Having just arrived in a new country, my parents were cautious about letting us kids explore our new neighborhood and surroundings alone. So while my parents were busy trying to adjust to their new lives of working and figuring out life in a new country, we kids had little to do. A few boring days passed since our last major outing from the nest, but finally the day had come that we would get to see Faith Academy. I had looked through the brochure a hundred times and watched the video a dozen times, and I was excited to finally be able to experience being there for myself. As we drove out of our neighborhood and along the country road that wound up the hills to Faith Academy, I was giddy with excitement. We had left early in the morning and rolled down the windows to allow the still moderately cool air to beat against our faces. The sun had just started shining on the grasses at the sides of the road and the sweet aroma of herbaceous verdancy was lifting into the air. Driving up the final steep hill to the entrance to the school, we arrived at a gate with a guard booth. A uniformed guard approached the car, Dad told him that we were here for a tour, and he nodded and let us in. The bottom drive was shaded by trees and led up a steep hill to the school buildings. Surrounding the entire campus was a chain link fence with barbed wire on top and one of us kids joked that the school must really want to keep people out. Mom bantered with the reply “or to keep the students in.” Arriving at the top of the hill, we drove around a large rectangular courtyard and pulled into one of the few parking spots available. At the center of campus was a large greenspace with grass, palm trees, and leafy bushes growing throughout. On three sides of the courtyard were two story whitewashed buildings made out of cinderblocks. The buildings to the south housed the high school and elementary wings, the buildings to the north were for the middle school, and facing north was a large multipurpose gymnasium and theatre building. Walking inside the high school office, we spoke with the receptionist and a short time later, were met by a gentleman ready to give us a tour. We were taken through the halls of the high school, looked into the library, wandered over to the large gymnasium, and saw the food stand and tennis courts. Walking down a flight of steps, we saw the large sports field below and the expansive view of the city of Manila. The city was built on a large plain, and the school was built atop one of the first mountains of the countryside, giving it a commanding view; well, depending on the smog. Some days the smog was so thick, you couldn’t see Brookside two miles away. On most days you could see the outline of the skyscrapers in Ortigas Center five miles away, but on a really clear day, once or twice a year, you could see all the way across Manila bay to the Bataan Mountains over 40 miles away. Continuing the tour, we walked down more hallways, up more stairs and arrived at the elementary wing where I would be attending fifth grade. The classrooms looked pretty standard with several rows of desks and a large black chalkboard at the front of the room. Completing the tour, we were asked if we had any questions. I remember feeling disappointed about the first visit to the school – not because of the school itself, but because it was devoid of the students and staff that could bring a place to life. For that though, I would have to wait a few more weeks until the start of school.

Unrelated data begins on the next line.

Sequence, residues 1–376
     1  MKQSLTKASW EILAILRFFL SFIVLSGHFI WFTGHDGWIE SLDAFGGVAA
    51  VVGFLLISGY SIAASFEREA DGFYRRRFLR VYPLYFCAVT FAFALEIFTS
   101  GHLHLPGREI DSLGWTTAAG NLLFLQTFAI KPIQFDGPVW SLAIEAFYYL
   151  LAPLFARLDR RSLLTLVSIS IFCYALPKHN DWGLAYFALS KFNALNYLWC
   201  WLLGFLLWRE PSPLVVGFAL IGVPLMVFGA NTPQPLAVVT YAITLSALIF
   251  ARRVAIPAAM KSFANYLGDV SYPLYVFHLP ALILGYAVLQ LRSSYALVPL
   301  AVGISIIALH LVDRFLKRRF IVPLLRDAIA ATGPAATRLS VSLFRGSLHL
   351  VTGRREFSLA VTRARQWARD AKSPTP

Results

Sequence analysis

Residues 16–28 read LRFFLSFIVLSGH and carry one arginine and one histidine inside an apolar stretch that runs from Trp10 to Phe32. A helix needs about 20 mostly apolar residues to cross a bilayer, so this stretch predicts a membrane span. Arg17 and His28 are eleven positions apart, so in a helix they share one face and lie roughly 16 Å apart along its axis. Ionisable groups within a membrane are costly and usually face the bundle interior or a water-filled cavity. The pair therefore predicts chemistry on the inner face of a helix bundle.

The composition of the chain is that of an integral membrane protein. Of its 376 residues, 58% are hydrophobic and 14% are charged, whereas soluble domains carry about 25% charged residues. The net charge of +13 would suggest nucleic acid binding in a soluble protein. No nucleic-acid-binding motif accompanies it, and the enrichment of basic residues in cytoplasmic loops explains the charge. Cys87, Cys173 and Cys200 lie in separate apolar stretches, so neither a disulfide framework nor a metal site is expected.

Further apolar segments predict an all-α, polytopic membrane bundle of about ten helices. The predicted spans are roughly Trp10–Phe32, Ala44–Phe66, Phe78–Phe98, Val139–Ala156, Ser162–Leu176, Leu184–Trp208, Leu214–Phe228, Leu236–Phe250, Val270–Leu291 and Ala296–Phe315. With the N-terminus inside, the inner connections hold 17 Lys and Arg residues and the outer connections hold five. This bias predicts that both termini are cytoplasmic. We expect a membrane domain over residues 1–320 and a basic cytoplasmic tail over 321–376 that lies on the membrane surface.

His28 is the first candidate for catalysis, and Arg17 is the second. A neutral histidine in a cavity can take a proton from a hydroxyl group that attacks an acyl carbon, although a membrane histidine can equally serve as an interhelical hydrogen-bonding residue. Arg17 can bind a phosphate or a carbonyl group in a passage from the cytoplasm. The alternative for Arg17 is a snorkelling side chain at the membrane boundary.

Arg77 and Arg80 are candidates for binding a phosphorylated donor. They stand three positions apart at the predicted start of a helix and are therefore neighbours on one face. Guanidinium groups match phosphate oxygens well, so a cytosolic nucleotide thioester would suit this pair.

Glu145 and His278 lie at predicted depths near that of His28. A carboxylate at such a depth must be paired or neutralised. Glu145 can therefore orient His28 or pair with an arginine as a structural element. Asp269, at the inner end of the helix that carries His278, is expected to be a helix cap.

Returning to our new home, there was a lot more work to get done than we had expected. Simple tasks like washing the dishes, doing the laundry, cleaning the house, and even preparing drinking water added around 20 hours a week of work, so like many other locals and expats, we hired a “helper.” It was common for many families to have a live in helper that would work during the day and live in small detached maid quarters on site, but Mom favored our family’s privacy as well as her own home cooked meals, so she set to work trying to find a part time helper. There were numerous helpers that had experience working for expats in the area and would come available as their employers left for furlough or moved on elsewhere. Mom was warned by fellow missionaries that she needed to find a helper that we could trust with our possessions and would put in an honest day’s work, and that not all of the helpers available met those qualities. There were even horror stories that some maids had been used as moles by gangs to kidnap foreigners or steal all of their belongings. Mom started praying for wisdom as she started her interviews. The first few candidates were young, single, and wanted to live in, so Mom politely moved on. There was another woman who started the interview by listing off all of the things that she would not do around the house in a rather pushy manner, not letting Mom describe what her needs were so she was not chosen. Then there was a middle-aged woman arrived wearing well-worn and nearly threadbare clothes. Mom was about to send her away with reservations about her being tempted to steal when she was clearly reminded by the Spirit, “Man looks on the outside but God looks at the heart.” After talking with this quiet but motivated woman, my Mom told her to come back to begin a two-week trial.
With all of our paperwork requirements finally in order and a basic knowledge of our surroundings, it was time to start settling into our new lives in the Philippines. We had already been missionaries, but life in the Philippines was very different than in South Korea. It had a tropical climate instead of temperate. It had large Western influences from periods of Spanish and American colonization. It had a completely different set of cultural values, social norms, and religious beliefs. In the end, it shared very few things with the cultures we had already lived in, which could only mean one thing: adjusting the culture shock ahead.